Simmons has foundation to build winners at FAMU
By St. Clair Murraine
Outlook staff writer
So Willie Simmons left Prairie View A&M, its spiffy $60 million sports facility and a winning football program to come to FAMU.
That could be quantified in some quarters as being either not too smart or Simmons is just one of those millennials who thinks he has the answer for everything.
Neither. Not Simmons. His intelligence is proven and he’s too humble.
Simmons is a confident 37-year-old who had some of the best people to coach him as a star quarterback in his hometown Quincy. When he went to Clemson he had Tommy Bowden, who recruited him out of high school.
Rick Stockdale, who gave him his first job had a hand in his grooming, too, he’d tell you. He hasn’t forgotten Jay Hobson, who he assisted at Southern Miss, either.
His foundation was solid, too. Andy Gay discovered the natural talent Simmons had as a teenage quarterback. Ray Mathews refined it.
Coaches have a reminder that they’ll share with their players before games that says something about trusting their conditioning. In Simmons’ case he is relying on what he learned from some of the best that played the game before him.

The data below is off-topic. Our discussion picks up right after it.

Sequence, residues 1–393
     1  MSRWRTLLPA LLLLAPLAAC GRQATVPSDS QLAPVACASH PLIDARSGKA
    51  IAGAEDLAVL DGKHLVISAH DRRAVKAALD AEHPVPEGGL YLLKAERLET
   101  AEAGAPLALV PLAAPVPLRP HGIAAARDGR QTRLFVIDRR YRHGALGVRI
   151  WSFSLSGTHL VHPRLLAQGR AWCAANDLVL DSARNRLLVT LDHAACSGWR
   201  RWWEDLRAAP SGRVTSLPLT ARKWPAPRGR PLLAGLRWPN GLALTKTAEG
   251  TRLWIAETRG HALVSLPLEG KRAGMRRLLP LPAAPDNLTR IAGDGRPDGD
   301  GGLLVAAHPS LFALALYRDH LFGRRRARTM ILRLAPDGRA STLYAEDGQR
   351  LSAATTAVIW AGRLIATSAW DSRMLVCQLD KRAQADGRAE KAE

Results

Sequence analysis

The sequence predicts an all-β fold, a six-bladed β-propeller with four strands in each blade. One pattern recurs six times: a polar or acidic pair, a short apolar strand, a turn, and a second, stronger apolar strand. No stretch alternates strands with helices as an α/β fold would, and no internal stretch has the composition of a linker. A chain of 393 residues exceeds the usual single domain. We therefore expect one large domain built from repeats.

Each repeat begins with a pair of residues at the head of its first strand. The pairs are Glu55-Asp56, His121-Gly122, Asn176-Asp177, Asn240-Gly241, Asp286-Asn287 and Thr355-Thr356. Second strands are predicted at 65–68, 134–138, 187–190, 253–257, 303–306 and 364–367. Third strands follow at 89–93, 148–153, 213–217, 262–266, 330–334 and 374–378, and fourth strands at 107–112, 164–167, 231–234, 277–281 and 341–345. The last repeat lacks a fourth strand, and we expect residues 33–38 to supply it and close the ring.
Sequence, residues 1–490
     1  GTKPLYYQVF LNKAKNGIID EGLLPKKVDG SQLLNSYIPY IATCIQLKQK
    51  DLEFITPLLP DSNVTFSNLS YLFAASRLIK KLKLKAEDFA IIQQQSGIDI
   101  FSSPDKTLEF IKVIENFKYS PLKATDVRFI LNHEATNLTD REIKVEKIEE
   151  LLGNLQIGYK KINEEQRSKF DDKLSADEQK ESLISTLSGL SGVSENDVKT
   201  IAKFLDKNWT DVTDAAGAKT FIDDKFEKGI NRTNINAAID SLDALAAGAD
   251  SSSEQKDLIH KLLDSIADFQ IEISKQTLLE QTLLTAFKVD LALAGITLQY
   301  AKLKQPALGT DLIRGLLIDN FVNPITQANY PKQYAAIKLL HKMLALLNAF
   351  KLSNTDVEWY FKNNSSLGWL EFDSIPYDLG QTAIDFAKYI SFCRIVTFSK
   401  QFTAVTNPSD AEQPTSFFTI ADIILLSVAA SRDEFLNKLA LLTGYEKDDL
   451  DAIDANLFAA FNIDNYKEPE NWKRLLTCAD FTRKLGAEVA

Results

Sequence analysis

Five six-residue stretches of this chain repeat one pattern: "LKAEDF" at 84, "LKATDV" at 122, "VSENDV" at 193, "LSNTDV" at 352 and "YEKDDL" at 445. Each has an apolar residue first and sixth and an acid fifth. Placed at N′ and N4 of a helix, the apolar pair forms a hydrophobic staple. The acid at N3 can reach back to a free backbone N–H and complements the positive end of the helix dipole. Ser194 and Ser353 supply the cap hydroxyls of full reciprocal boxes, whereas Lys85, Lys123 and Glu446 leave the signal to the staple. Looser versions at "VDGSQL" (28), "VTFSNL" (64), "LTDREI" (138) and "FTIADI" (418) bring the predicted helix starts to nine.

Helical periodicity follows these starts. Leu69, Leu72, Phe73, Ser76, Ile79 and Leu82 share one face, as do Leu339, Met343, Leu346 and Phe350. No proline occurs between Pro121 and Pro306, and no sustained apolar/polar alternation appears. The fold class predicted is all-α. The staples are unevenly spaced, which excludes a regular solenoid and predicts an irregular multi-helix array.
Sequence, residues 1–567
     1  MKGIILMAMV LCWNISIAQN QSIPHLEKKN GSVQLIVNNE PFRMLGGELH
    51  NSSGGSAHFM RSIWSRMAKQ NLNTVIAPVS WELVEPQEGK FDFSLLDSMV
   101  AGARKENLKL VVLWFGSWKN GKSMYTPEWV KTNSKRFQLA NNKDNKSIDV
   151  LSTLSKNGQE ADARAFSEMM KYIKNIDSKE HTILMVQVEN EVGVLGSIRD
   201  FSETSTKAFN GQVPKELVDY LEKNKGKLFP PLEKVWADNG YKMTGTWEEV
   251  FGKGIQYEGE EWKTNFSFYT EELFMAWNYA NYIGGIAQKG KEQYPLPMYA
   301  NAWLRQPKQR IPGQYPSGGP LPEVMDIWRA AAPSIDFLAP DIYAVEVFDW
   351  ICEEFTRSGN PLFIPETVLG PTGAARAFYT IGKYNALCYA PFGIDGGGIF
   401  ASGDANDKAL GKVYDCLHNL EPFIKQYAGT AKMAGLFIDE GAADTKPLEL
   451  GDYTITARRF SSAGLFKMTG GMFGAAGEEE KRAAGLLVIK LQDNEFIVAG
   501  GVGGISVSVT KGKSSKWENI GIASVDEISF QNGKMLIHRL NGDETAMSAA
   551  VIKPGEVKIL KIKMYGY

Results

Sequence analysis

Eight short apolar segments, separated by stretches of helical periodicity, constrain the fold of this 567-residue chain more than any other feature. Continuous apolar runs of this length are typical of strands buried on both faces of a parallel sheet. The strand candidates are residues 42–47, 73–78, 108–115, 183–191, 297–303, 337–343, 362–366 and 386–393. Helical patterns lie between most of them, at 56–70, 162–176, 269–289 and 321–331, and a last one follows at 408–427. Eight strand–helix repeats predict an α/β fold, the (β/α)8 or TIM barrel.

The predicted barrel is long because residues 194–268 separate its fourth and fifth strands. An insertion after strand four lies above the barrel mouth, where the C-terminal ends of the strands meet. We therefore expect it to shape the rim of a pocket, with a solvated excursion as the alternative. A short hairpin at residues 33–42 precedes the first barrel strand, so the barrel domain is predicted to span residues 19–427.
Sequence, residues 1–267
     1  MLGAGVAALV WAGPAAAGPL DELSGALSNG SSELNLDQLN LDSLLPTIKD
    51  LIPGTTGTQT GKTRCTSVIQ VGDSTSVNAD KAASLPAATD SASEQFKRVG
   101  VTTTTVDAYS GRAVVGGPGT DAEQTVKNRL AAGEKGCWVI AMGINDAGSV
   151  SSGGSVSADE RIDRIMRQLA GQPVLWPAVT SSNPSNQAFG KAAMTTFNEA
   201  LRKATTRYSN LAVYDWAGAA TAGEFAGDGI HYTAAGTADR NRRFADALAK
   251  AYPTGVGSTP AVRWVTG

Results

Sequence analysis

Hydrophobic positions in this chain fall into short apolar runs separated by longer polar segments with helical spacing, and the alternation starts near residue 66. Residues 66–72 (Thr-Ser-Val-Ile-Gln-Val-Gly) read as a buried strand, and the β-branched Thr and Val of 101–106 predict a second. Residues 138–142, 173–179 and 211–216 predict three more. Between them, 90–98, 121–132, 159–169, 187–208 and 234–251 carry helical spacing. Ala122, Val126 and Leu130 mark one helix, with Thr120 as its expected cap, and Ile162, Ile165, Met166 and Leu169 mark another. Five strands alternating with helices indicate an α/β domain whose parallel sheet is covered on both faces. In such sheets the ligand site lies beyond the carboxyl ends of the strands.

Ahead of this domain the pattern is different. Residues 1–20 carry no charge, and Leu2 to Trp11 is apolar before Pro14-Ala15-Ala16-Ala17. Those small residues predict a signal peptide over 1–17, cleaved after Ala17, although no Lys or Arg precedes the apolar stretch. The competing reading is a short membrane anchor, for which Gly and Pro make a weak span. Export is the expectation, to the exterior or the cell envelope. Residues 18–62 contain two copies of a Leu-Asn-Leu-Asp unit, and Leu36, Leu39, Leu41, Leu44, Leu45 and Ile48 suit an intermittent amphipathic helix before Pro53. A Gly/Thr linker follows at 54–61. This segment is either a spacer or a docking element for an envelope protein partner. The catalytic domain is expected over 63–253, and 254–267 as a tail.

What they taught you has worked out for you; hasn’t it Mr. Simmons?
“That’s the rewardi
ng part of coaching; when you take a guy and 20 years down the road you see he has gone on to do great things.”
Simmons can still call on any of those men who have profoundly touched his life to the point that he’s become a coveted coach.
“That’s what coaching is about; the lifelong lessons you learn from your coaches,” Simmons said. “I have learned a tremendous amount about life from all the guys.
Coaching at FAMU is going to be challenging beyond the x’s and o’s. Simmons has proven that he can fix that part.
The challenge is making that complete adjustment from what he had at Prairie View to a program that doesn’t have much more than the drawing of plans to begin upgrades at Bragg Stadium.
Simply put, Simmons is embarking on an undertaking for which he can handle, as his record has shown.
Just look at Alcorn State, Middle Tennessee State University, and of course, Prairie View.
Plus he’s passionate about wanting to return FAMU to the winning traditions. Yes, they are long gone.
Simmons sees value in embracing what the likes of Jake Gaither, Rudy Hubbard, Ken Riley and Billie Joe have done.
So he offered this: “Any great program has a respect for the path that was laid before them. That’s something we want to make sure the new Rattlers have; a respect for ground that was laid.”